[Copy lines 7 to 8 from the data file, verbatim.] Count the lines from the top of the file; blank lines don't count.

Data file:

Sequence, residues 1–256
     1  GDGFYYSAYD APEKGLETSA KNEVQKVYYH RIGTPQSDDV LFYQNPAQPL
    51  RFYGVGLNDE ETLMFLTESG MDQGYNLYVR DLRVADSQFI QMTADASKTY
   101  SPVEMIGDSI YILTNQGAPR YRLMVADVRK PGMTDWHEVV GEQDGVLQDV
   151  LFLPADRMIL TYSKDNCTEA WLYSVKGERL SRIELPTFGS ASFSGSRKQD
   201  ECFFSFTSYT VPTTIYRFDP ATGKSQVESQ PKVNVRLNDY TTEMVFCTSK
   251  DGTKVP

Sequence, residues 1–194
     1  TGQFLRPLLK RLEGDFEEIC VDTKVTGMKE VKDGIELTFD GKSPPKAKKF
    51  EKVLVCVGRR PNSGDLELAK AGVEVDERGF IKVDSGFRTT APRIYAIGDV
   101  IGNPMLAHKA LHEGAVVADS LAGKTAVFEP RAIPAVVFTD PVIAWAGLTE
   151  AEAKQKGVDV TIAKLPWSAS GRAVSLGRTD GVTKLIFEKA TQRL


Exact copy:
   251  DGTKVP

Sequence, residues 1–194